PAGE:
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OpenSSL hangs CPU with Python <= 2.7.3 on Windows

If you use Python on Windows and you have programs or servers which allocate a lot of items on the heap (both of which we do), you should upgrade to Python 2.7.4. Especially if you do anything with HTTPS/SSL connections.

Python versions 2.7.3 and below use an older version of OpenSSL, which has a serious bug that can cause minutes-long, CPU-bound hangs in your Python process. Apart from the process taking over your CPU, the symptom we saw was a socket.error with the message “[Errno 10054] An existing connection was forcibly closed by the remote host”. This is because the HTTPS request is opened before the OpenSSL hang kicks in, and it takes so long that the remote server times out and closes the connection.

The cause of the bug is actually quite arcane: the Windows version of OpenSSL uses a Win32 function called Heap32Next to walk the heap and generate random data for cryptographic purposes.

However, a call to Heap32Next is O(N) if there are N items in the heap, so walking the heap is an O(N2) operation! Of course, if you’ve got 10 million items on the heap, this takes about 5 minutes. The first connection to an HTTPS server (which uses OpenSSL) essentially brings Python to a grinding halt for this time.

There’s a workaround: call the ssl.RAND_status() function on startup, before you’ve allocated the big data on your heap. That seemed to fix it, though we didn’t dig too deep to guarantee the fix. We were still running on Python 2.6, and given that the just-released 2.7.4 addressed this issue by using a newer version of OpenSSL, we fixed this by simply upgrading to Python 2.7.4. Note that even Python 2.7.3 has the older version of OpenSSL, so be careful.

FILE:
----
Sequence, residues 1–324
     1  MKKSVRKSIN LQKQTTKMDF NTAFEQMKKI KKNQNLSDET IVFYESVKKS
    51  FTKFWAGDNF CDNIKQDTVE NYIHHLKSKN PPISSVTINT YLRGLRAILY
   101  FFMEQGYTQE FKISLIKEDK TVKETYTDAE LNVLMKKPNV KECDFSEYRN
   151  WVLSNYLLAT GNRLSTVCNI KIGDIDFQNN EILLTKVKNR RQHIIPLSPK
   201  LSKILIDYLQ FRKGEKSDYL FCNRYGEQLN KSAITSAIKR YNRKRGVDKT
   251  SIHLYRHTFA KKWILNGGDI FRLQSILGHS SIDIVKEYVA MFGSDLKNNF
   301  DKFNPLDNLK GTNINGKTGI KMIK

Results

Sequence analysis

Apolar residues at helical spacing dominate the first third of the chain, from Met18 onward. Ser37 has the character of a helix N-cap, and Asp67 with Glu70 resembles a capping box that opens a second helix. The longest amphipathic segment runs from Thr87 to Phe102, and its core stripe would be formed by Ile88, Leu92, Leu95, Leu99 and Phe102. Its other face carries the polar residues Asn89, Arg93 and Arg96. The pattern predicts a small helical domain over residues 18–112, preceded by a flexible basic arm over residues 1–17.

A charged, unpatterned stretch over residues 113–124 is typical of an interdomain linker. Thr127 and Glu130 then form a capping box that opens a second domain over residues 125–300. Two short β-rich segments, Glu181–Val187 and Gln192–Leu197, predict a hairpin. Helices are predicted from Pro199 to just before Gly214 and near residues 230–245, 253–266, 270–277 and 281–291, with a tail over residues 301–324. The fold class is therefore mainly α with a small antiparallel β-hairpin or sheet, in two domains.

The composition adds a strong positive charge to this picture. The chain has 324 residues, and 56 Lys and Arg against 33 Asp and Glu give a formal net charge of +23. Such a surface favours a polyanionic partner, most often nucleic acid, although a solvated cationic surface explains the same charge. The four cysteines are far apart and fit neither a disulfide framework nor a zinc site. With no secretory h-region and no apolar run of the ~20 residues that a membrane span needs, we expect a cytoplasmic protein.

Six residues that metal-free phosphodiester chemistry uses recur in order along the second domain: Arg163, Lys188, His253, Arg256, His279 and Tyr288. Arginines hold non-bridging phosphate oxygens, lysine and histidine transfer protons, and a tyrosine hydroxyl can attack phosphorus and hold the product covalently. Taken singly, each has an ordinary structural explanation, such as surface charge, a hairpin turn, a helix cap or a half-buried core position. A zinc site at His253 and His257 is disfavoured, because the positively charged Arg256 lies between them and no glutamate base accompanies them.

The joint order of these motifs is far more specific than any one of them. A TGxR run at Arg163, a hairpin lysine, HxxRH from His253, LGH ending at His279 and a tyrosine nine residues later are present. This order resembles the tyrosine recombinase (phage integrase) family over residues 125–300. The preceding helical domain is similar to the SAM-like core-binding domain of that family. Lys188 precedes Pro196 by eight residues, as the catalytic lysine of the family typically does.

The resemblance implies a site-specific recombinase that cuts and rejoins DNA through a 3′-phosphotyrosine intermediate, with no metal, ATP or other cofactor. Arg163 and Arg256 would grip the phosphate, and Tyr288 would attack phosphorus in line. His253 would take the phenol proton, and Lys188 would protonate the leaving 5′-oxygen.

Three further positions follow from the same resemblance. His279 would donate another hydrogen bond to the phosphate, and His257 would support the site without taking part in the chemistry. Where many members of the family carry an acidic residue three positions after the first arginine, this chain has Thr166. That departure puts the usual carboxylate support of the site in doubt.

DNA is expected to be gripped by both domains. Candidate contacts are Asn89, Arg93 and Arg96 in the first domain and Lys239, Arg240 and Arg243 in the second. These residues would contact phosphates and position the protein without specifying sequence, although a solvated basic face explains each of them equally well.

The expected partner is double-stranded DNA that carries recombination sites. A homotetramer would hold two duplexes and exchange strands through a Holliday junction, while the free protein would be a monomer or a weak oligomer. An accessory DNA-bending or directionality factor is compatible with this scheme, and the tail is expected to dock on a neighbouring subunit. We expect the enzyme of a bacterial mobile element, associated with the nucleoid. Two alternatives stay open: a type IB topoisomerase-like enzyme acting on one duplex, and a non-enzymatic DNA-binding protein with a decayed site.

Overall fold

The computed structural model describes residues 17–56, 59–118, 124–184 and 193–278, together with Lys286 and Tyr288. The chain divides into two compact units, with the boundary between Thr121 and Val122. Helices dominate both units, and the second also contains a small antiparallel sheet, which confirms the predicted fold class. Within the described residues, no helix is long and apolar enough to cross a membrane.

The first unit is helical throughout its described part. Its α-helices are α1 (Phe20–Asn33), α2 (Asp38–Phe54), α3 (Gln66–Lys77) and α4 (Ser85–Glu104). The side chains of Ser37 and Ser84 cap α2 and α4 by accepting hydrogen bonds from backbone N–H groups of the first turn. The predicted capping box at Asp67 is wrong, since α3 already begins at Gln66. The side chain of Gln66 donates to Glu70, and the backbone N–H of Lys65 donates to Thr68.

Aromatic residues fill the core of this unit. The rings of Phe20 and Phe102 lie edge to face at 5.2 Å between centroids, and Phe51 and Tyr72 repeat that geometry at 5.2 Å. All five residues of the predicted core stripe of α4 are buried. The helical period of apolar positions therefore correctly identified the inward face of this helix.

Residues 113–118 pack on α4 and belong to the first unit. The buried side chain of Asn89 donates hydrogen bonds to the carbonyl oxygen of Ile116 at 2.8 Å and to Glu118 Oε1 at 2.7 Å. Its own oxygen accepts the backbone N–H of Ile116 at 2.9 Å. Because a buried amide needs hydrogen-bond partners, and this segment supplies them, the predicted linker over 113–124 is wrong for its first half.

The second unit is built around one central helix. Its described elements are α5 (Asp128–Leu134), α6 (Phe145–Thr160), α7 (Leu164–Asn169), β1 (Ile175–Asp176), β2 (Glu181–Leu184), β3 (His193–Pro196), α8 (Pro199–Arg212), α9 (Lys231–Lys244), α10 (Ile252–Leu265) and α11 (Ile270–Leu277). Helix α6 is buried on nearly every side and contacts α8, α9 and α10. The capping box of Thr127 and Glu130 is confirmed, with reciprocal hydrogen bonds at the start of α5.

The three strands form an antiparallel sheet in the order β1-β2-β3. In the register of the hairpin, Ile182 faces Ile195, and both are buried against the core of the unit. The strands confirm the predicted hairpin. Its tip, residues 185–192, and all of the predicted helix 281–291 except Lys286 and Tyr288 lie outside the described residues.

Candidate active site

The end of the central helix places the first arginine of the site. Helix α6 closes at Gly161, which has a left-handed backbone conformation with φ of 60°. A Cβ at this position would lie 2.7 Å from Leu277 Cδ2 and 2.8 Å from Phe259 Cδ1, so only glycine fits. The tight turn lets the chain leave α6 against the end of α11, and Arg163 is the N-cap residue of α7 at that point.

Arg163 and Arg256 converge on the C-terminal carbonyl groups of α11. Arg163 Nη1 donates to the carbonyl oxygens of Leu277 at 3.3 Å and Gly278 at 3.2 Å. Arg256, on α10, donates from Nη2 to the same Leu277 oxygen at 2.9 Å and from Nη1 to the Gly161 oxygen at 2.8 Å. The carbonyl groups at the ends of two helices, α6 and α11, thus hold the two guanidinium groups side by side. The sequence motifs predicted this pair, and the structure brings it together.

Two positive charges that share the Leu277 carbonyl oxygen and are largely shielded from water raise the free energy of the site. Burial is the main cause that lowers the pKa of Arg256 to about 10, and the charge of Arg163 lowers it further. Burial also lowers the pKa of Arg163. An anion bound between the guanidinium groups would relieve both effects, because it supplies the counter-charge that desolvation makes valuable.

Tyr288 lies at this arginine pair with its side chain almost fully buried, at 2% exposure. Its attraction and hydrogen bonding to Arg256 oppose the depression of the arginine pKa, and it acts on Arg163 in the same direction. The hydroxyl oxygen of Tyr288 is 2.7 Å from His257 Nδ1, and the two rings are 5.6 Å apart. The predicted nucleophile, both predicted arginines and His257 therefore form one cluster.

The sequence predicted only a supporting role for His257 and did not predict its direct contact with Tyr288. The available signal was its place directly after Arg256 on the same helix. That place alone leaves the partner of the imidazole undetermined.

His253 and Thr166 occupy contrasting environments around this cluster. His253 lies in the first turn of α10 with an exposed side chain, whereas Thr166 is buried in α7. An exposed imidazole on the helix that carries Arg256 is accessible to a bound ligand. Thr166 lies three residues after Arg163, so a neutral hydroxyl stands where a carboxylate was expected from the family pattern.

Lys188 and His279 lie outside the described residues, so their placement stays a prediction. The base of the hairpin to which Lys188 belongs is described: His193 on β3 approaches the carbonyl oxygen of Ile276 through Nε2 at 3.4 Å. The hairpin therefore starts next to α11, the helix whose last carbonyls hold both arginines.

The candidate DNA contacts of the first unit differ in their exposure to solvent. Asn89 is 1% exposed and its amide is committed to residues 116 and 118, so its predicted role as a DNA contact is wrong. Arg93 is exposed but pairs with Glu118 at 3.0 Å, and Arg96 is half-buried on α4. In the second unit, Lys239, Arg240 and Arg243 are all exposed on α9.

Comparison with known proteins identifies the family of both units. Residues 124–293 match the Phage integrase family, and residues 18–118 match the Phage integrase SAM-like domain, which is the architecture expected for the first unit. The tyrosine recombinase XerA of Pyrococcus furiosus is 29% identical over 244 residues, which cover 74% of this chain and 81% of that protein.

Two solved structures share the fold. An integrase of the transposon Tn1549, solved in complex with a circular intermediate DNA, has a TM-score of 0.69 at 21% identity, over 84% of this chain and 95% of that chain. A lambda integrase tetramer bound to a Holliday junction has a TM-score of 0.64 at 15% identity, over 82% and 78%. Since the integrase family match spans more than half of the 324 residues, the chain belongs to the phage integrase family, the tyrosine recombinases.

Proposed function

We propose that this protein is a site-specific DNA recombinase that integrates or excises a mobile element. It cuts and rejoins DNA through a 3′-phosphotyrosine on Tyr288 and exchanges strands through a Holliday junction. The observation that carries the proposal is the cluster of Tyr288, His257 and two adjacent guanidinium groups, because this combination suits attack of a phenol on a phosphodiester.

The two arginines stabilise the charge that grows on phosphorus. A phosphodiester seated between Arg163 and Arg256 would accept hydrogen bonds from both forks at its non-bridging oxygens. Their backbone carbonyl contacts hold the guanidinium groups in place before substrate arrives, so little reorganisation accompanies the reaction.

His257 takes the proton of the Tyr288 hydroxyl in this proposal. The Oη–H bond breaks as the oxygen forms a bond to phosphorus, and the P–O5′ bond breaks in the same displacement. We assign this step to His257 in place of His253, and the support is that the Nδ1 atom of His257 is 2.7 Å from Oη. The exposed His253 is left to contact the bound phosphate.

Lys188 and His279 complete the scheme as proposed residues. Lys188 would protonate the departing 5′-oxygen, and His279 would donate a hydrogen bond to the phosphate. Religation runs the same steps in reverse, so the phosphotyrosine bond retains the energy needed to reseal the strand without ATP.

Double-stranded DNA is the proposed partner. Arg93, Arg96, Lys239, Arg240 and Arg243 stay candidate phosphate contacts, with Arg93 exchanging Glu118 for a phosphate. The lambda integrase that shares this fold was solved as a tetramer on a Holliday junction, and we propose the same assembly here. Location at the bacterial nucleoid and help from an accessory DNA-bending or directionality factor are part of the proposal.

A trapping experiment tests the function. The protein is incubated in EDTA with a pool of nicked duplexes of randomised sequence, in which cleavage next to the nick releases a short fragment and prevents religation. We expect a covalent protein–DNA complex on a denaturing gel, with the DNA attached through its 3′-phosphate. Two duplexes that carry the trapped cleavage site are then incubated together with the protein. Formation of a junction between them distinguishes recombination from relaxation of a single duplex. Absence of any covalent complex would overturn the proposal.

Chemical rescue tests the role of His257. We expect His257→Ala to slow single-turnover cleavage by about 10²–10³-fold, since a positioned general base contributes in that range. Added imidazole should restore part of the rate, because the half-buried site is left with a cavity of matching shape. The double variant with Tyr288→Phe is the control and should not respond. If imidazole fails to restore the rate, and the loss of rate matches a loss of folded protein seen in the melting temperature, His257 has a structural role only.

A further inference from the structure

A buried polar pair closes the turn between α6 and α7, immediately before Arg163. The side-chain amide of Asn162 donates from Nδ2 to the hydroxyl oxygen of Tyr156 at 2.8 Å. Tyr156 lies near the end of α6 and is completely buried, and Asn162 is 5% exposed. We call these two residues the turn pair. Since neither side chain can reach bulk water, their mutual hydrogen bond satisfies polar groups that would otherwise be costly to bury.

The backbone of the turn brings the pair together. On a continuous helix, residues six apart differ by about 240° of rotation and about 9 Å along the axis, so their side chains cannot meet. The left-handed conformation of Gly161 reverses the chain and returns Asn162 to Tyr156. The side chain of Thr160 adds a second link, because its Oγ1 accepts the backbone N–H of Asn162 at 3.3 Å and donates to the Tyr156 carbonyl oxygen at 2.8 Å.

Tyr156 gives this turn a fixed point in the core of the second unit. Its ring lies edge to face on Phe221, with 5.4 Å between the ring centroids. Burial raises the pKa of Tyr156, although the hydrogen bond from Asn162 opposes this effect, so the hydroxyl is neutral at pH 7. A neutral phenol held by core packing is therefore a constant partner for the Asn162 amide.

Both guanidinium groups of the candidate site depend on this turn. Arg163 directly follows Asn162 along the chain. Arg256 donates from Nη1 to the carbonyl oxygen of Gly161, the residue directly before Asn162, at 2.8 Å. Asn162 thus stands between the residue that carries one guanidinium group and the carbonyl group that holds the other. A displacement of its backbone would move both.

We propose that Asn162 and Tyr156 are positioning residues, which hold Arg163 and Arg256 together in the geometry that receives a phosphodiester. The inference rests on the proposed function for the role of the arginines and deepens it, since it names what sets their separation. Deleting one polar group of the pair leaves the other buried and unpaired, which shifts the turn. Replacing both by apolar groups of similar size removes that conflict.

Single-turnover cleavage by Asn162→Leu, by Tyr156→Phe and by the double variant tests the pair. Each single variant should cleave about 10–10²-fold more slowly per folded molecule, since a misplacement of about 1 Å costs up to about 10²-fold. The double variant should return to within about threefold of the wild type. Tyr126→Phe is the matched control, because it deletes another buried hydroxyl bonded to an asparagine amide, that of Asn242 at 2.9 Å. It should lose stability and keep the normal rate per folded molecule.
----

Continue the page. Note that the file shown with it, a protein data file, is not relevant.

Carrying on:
Other interesting things we found while hunting down this bug:

  • At first we thought this was a bug in Python’s SSL handling, and it turns out there’s a strangely similar bug in Python 2.6’s SSL module. This was interesting, but it wasn’t our problem.
  • Microsoft’s Raymond Chen has a very good historical explanation of why walking the heap with Heap32Next is O(N2), and why OpenSSL shouldn’t really be using this function.
  • You can reproduce the Heap32Next hang just by allocating a ton of Python objects (eg: x = [{i: i} for i in range(500000)]) and seeing the first HTTPS request take ages, with the CPU sitting at around 100%.
  • A blog post with graphs showing Heap32Next’s O(N) behaviour, as well as the connection to OpenSSL.
  • What’s new in Python 2.7.4 notes the update to the bug-fixed OpenSSL version 0.9.8y on Windows.
  • This is the second bug we’ve found due to running something of an eccentric architecture (6GB of website data cached in Python dicts). The other one was related to garbage collection, and incidentally the handling of that was improved in Python 2.7 too. Yes, I know, somebody will leave a comment about how we should be using memcached for this, and they’d probably be right, except for this. :-)